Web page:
First Read is a morning briefing from Meet the Press and the NBC Political Unit on the day's most important political stories and why they matter.
Mitch McConnell's Supreme Court dilemma
With yet another poll showing Hillary Clinton ahead of Donald Trump by double digits — this time from NBC|SurveyMonkey — Senate Majority Leader Mitch McConnell has an important choice to make. Does he continue to block President Obama's pick to fill the Supreme Court vacancy, Merrick Garland, and risk the possibility that a President Hillary Clinton could nominate someone much more liberal (and younger) instead? Or does he relent on the Garland blockade, realizing that it might be the best outcome for Senate Republicans — simply to turn the conversation away from Trump?
McConnell's office tells us that he remains firm in his opposition to the Garland pick. "The Leader has been clear: The next president will make the nomination for this vacancy," says Deputy Chief of Staff Don Stewart. But Democrats are making a separate argument: If Republicans are looking for any way to separate themselves from Trump, moving on Garland would do the trick. "Congress is likely to be in session for a grand total of 20 days between now and the election, and it's clear that confirming Garland a vote is the only concrete, news-driving step that Republicans can take to separate themselves from Trump," a top Democratic Senate official says.
Kaine doesn't close the door on possibility that Clinton could make a different SCOTUS pick
And it's worth pointing out that Clinton running mate Tim Kaine didn't 100% close the door on the possibility that Clinton might make her own Supreme Court pick if Republicans continue to block Garland. Here's what Kaine said on NBC's "Meet the Press" last Sunday:
CHUCK TODD: Do you believe that Merrick Garland's nomination should be taken up during the lame duck, regardless of whether you guys win or lose?
TODD: So if Secretary Clinton wins—
KAINE: He is—
TODD: —he should be taken up as the nominee?
KAINE: This will be for the president and the president-elect to decide. But look, if it comes up for a vote in the Senate, Merrick Garland gets so far over the hurdle of the fitness and character test that is supposed to be the legitimate question for nominees, of course I'd vote for him.
TODD: So it's not 100 percent, though, that his nomination stays if your ticket wins?
KAINE: You know, I think the Dems may well take the Senate. In fact, I think we're going to. But it will be the Republican majority that will be running the floor until the next Senate comes in place. I have no idea whether they will allow the nomination to be taken up. They pledged that they won't. But if it does, I'm going to vote for him.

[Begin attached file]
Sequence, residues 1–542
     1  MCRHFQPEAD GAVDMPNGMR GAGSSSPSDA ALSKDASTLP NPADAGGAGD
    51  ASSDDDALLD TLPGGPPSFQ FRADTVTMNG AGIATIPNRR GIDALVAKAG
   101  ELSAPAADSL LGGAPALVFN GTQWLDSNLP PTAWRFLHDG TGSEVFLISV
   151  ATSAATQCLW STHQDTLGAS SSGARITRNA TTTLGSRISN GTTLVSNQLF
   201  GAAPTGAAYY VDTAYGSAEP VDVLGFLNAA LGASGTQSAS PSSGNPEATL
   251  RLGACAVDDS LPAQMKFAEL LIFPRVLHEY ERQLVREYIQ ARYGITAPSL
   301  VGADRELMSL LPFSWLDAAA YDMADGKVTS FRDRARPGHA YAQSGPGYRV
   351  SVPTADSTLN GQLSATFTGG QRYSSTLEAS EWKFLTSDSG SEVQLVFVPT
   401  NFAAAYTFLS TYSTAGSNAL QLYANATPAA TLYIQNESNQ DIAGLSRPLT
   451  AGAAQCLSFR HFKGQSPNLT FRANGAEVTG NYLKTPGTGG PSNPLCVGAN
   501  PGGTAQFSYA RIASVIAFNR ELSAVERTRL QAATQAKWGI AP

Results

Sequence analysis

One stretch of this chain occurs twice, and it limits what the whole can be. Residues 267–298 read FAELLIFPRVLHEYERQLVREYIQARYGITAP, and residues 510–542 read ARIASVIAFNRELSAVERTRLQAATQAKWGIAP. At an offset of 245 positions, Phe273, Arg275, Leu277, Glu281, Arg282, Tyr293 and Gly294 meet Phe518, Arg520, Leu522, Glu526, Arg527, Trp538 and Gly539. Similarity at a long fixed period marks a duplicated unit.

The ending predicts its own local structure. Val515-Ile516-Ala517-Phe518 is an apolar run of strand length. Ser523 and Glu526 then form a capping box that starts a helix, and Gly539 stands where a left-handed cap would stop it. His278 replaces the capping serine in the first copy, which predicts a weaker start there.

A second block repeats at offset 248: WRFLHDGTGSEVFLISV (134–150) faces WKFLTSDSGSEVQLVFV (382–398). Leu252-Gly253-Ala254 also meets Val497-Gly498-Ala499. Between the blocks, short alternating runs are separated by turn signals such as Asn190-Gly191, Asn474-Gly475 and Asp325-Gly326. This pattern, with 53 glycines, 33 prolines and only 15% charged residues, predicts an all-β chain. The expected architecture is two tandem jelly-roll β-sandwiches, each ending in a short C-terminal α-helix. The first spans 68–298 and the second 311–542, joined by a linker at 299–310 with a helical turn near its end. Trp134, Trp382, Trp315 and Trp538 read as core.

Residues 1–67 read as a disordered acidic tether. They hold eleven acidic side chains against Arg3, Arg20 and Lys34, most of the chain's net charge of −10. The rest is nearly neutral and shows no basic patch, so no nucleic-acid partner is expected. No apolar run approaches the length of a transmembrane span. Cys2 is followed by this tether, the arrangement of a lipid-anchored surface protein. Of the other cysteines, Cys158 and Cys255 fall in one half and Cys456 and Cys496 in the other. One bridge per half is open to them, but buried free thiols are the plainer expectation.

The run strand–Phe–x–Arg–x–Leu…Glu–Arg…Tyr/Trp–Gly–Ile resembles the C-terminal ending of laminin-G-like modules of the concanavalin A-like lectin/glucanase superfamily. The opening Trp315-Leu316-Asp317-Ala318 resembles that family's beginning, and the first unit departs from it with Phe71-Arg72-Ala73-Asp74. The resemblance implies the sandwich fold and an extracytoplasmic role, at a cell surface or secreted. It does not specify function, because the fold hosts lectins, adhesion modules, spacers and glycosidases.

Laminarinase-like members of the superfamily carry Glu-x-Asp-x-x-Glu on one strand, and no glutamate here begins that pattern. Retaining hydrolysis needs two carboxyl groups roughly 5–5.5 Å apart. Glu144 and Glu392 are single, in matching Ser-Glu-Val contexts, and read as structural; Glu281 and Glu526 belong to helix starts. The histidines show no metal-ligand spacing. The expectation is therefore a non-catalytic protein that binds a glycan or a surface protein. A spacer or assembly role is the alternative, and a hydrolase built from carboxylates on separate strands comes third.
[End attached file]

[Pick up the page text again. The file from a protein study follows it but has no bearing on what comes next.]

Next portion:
NBC|SurveyMonkey poll: Clinton 51%, Trump 41%
As for that new NBC|SurveyMonkey online tracking poll we mentioned above... "Hillary Clinton now holds a 10-point lead over Donald Trump, 51 percent to 41 percent, according to results from the latest NBC News|SurveyMonkey Weekly Election Tracking poll Clinton's double-digit lead is up from an 8-point gap last week. The 10-point margin is the biggest spread in the tracking poll since the two-way general election match-up was first compared in early May."
Another GOP defection from Trump
Meanwhile, Sen. Susan Collins (R-ME) became the latest Republican to say, unequivocally, that he or she cannot support Trump in the general election. "I will not be voting for Donald Trump for president. This is not a decision I make lightly, for I am a lifelong Republican. But Donald Trump does not reflect historical Republican values nor the inclusive approach to governing that is critical to healing the divisions in our country," Collins writes in a Washington Post op-ed. "My conclusion about Mr. Trump's unsuitability for office is based on his disregard for the precept of treating others with respect, an idea that should transcend politics. Instead, he opts to mock the vulnerable and inflame prejudices by attacking ethnic and religious minorities." And she cites three incidents in particular — Trump mocking the disabled reporter, attacking the federal judge Gonzalo Curiel, and criticizing the Khan family. And this defection comes after 50 former GOP national-security officials signed a letter arguing that Trump "would put at risk our country's national security and well-being" if he becomes president. We can't stress enough: These intra-party departures — on this scale — are HIGHLY unusual in our modern presidential politics. You have to go all of the way back to Goldwater in '64 for a fair comparison.
Paul Ryan's primary challenge is tonight
Finally, NBC's Leigh Ann Caldwell writes up House Speaker Paul Ryan's primary challenge in Wisconsin, which takes place tonight. "What should have been a fairly routine primary challenge for House Speaker Paul Ryan has now become a symbol of Republican Party problems: A fight pitting the establishment against GOP rebels, and their controversial presidential nominee against Washington leadership. Before last week, few people even knew — or cared — that Ryan's primary for re-election was approaching. But when Republican presidential nominee Donald Trump said he wasn't ready to endorse Ryan and then praised his Republican challenger, Paul Nehlen, the political spotlight shined directly on Tuesday's contest." Make no mistake, Ryan should easily win. But it will be interesting to see by what margin.
On the trail
Hillary Clinton, in Florida, makes a Zika clinic tour in Miami... Donald Trump stumps in North Carolina, holding rallies in Wilmington at 2:00 pm ET and Fayetteville at 6:00 pm ET… Mike Pence is in Pennsylvania… And Tim Kaine is in Austin, TX.
Countdown to Election Day: 91 days